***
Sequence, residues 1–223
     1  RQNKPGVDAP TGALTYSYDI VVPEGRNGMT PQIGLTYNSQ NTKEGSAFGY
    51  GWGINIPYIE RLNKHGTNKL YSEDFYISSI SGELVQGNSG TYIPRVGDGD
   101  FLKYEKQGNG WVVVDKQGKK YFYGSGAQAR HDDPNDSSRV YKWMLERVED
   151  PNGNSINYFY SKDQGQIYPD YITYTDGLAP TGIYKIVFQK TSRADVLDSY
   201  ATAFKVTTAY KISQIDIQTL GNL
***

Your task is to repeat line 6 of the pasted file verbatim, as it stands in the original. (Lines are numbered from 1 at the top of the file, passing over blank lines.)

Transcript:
   201  ATAFKVTTAY KISQIDIQTL GNL